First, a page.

JOHN DAY, Ore., Feb. 3, 2017 (Gephardt Daily) — Robert “LaVoy” Finicum, spokesman for occupiers of the Malheur National Wildlife Refuge, has been dead for more than a year now. But his beliefs about the dangers of government overreach and the loss of personal liberty live on.
The proof was in the several hundred followers who packed the pavilion last weekend in John Day, Ore., to mark the one-year anniversary of the Arizona rancher’s untimely death, to show support for his family, and to discuss the principles he was fighting for when he died on a snowy roadside in January of 2016.
Billed as “The Meeting That Never Happened,” the emotional event harkened to the planned speaking engagement Finicum and other occupation leaders were trying to attend a year earlier when they were confronted by the Oregon State Police and the FBI.
Finicum was ultimately killed in the encounter — shot in the back by two OSP officers in what investigators ruled was a “justifiable” and “necessary” use of deadly force.
The Finicum family and its supporters have a dramatically different take on what happened that day on the road between Burns and the town of John Day. They say the man they knew as a doting husband, father, brother, son and grandfather, was murdered at the hands of the federal government. They believe his shooting was politically motivated — an assassination — choreographed by the FBI and state and local law enforcement.
But, while Finicum’s death was indeed a topic of conversation at John Day’s Trowbridge Pavilion on Saturday, family members said they chose to focus on what they called an educational meeting — a seminar on the principles of God’s Law and Natural Law and what they believe their relationship is to the U.S. Constitution and American civil liberties.
“Education — that’s what my dad was all about,” said Thara Tenney, Finicum’s oldest daughter. “He was about educating and helping people understand the true principles of liberty.”
Tenney said her father would have been humbled at the turnout in John Day, and that despite the pain caused by his death, his family is dedicated to keeping his message alive.
“We’re pushing through the trauma,” she said. “We support one another and we all have our special role to play.”
Jeanette Finicum, LaVoy’s widow, echoed her daughter’s sentiments.
“He would be humbled. He would be embarrassed for the attention, but he would be thrilled at the idea that people are awakening to learn about the principles of liberty. LaVoy’s murder wasn’t in vain. People are being touched by his spirit, by his videos. His message is resonating with people and they’re being motivated, driven to do more.”
One of the followers who made the trek to John Day was Nevada resident Bill Tarbell. He told Gephardt Daily he was deeply disturbed by Finicum’s shooting and felt the need to mark the occasion, even if it meant driving hundreds of miles.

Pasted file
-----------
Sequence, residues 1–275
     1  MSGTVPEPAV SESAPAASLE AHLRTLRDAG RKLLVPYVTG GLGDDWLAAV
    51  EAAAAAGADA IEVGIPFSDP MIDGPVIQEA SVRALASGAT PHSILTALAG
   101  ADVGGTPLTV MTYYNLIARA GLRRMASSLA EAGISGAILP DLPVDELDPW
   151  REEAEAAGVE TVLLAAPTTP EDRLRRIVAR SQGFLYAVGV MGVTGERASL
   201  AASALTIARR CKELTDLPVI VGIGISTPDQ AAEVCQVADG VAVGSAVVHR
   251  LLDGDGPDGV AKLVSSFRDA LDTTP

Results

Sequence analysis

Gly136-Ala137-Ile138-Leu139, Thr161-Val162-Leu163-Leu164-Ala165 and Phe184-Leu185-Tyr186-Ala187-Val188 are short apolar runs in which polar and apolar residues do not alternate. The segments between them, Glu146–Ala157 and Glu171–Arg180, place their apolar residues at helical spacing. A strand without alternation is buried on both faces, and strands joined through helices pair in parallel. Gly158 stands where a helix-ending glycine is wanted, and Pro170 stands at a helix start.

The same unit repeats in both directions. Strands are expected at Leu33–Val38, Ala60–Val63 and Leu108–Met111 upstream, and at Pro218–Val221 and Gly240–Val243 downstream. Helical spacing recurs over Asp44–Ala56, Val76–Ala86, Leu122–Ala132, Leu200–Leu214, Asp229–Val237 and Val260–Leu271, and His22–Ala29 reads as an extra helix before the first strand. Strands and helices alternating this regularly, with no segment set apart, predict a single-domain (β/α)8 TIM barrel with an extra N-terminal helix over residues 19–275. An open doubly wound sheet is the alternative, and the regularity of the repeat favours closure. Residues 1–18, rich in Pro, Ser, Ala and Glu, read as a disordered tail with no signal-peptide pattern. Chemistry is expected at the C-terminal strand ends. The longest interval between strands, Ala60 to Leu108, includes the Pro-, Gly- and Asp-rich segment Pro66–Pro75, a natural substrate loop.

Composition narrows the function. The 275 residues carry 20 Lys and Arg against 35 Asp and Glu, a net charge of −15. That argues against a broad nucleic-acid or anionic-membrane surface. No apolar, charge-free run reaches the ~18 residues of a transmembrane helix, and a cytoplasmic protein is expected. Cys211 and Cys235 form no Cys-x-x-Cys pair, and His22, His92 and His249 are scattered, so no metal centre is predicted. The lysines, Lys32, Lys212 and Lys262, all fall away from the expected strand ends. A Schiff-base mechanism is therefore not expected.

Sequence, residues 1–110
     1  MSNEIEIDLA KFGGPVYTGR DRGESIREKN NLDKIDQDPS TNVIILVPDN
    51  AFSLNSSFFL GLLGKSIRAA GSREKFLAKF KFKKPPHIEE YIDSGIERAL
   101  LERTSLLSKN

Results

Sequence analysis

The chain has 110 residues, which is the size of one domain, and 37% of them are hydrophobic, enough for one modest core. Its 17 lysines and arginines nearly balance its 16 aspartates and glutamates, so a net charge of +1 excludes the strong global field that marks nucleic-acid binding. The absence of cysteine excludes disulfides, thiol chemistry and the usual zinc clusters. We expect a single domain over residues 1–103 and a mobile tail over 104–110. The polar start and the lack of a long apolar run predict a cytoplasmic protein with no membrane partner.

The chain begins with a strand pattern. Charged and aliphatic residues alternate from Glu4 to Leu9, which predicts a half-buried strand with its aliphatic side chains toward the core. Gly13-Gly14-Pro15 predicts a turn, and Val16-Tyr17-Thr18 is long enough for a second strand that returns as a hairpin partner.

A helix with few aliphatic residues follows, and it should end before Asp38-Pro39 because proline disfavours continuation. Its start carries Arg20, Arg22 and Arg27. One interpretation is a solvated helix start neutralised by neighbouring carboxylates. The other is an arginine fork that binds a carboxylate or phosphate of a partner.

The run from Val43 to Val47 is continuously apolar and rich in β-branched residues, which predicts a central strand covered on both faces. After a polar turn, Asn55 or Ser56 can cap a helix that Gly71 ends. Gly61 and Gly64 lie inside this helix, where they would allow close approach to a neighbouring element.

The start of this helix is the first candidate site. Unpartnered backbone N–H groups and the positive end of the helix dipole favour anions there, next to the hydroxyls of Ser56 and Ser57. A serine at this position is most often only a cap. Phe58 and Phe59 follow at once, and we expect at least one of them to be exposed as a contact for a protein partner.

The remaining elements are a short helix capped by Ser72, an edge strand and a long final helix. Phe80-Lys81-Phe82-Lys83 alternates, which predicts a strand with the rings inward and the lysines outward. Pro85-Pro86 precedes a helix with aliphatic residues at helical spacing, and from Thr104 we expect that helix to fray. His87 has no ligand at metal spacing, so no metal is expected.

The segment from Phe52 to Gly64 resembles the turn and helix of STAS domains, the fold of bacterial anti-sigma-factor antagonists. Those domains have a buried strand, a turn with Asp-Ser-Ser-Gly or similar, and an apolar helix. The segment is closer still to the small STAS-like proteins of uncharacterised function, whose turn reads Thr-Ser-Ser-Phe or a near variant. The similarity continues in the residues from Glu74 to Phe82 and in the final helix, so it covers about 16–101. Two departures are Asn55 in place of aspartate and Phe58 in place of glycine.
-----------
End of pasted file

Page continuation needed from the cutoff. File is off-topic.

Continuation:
“There’s an old saying about Christianity,” Tarbell said. “‘The blood of the martyr is the seed of the church.’ It was because people sacrificed their lives that Christianity succeeded. We have to make sure those sacrifices were not in vain. People need to become informed about what’s going on here and elsewhere across the West and then support any move to change the jurisdiction of the lands into private, state and county control.”
Featured speaker J. Morgan Philpot addressed some of the same issues in his speech Saturday night. Philpot, along with attorney Marcus Mumford, led the defense team which successfully represented Ammon Bundy and other defendants during the trial over the armed occupation of the Malheur National Wildlife Refuge.
Philpot openly questioned the legitimacy of the federal government’s influence over banking, the health and welfare industry, civics, the arts, recreation and education.
“Where are we sending our kids for eight hours a day, five days a week?” he asked. “To the very government that is incarcerating these men and women, killing them and taking their land. And we wonder why our kids are having a hard time understanding liberty.”
Philpot also discussed his recent attempts to negotiate with the BLM after it cut off grazing access to public lands outside the Finicum family’s ranch, near Cane Beds, Ariz., calling the move illegal.
Another legal issue discussed Saturday night was the Finicum family’s impending wrongful-death lawsuit against the FBI and the state of Oregon. Jeanette Finicum told the crowd the family had filed a notice of administrative claim with the U.S. government, a precursor to the official filing of a federal civil rights lawsuit. The legal maneuvering effectively put the FBI on notice it would be sued along with the state of Oregon.
Carol Bundy, wife of embattled Nevada rancher Cliven Bundy, also attended the John Day meeting. She said the size of the crowd was overwhelming.
“It brings tears to my eyes,” Bundy said, “because sometimes we feel alone in our fight. I now know that there’s more with us than against us, and today proves that. Today proves that freedom is important to not only people here, but to the thousands who couldn’t make it here today.
“So it’s a matter of taking things one day at a time. You have your good days. You have your bad days. You have your ups and downs, but Cliven says to tell everybody he’s on the fight. Look behind me,” she said smiling. “We got a battle to fight and we’re gonna win.”
To see video from The Meeting That Never Happened, click on the video player above.